Illinois Senate approves progressive sports betting tax hike to 40%

Lea Hogg 2 weeks ago
Illinois Senate approves progressive sports betting tax hike to 40%

On 26 May, the Illinois Senate voted to approve a progressive tax increase on sports betting revenue, which could see rates climb to a maximum of 40 percent. This measure, part of the state’s fiscal year 2025 (FY2025) budget, will make Illinois’ sports betting tax the second highest in the nation, following New York’s 51 percent. The budget now returns to the House for a final vote in two weeks, following the legislature’s summer recess.

Governor J.B. Pritzker initially proposed a 35 percent top rate in February, but the revised plan outlines a more aggressive tax structure. Under the new plan, operators will face a tiered tax system: 20 percent on revenues up to $30 million, 25 percent for revenues between $30 million and $50 million, 30 percent for revenues between $50 million and $100 million, 35 percent for revenues between $100 million and $200 million, and a maximum of 40 percent for revenues exceeding $200 million. This represents a significant increase from the current 15 percent flat rate applied statewide.

Controversial decision with far-reaching implications

All active operators in Illinois will see their tax rates increase if the proposal becomes law, with only DraftKings and FanDuel likely to hit the highest rate tier. Smaller operators, such as Rush Street Interactive, will experience a smaller rate increase in comparison to their larger counterparts.

The proposal has faced considerable opposition from sports betting operators, who argue that the tax hike will negatively impact their business and the broader market. The Sports Betting Alliance (SBA), representing major operators like FanDuel, DraftKings, BetMGM, and Fanatics, has been vocal in its criticism. SBA President Jeremy Kudon warned that the higher taxes would lead to “worse products, worse promotions, and inevitably, worse odds for Illinois customers.” He emphasized that the increased tax burden could benefit illegal offshore sportsbooks, which do not adhere to Illinois’ regulations or pay taxes.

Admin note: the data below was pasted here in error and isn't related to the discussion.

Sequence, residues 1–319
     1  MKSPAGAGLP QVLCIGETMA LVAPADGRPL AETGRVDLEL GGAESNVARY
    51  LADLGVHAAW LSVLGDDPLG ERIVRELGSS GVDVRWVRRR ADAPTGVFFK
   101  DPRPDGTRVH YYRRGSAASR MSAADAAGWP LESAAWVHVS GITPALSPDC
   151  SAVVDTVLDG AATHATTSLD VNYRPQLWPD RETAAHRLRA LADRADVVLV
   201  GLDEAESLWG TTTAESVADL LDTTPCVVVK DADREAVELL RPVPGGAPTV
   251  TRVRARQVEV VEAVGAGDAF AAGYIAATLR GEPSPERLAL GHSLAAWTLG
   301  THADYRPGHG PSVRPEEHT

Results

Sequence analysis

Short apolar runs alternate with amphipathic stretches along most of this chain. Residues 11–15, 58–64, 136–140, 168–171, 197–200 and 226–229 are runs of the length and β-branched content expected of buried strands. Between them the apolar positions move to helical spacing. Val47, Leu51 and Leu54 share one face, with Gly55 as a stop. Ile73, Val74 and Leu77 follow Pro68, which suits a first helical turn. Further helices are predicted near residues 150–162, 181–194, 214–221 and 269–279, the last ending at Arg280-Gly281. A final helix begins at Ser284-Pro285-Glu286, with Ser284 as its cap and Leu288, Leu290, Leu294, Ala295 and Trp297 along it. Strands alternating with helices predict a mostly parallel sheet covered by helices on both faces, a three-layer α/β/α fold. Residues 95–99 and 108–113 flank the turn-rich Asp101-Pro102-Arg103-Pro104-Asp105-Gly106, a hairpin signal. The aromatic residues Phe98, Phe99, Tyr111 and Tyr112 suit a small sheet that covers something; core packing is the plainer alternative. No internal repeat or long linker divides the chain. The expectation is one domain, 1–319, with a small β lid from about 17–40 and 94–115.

Kudon also highlighted the potential adverse effects on in-state partners, particularly downstate casinos, which rely heavily on sports betting revenue for job creation and community investment. He indicated that sportsbooks might reconsider their investment levels and participation in Illinois if the tax hike is enacted.

In response to the proposed tax increase, the SBA launched a campaign to mobilize customers against the measure, resulting in 53,000 emails being sent to the Illinois legislature and governor. The lobbying group aims to illustrate the widespread concern among sports betting customers and stakeholders regarding the potential economic fallout from the tax increase.

As the Illinois House prepares to vote on the budget, the outcome remains uncertain. Lawmakers will need to balance the state’s fiscal needs with the potential economic impact on the sports betting industry and its associated businesses. The decision will be closely watched by stakeholders within and beyond Illinois, given its potential to influence sports betting tax policies nationwide.

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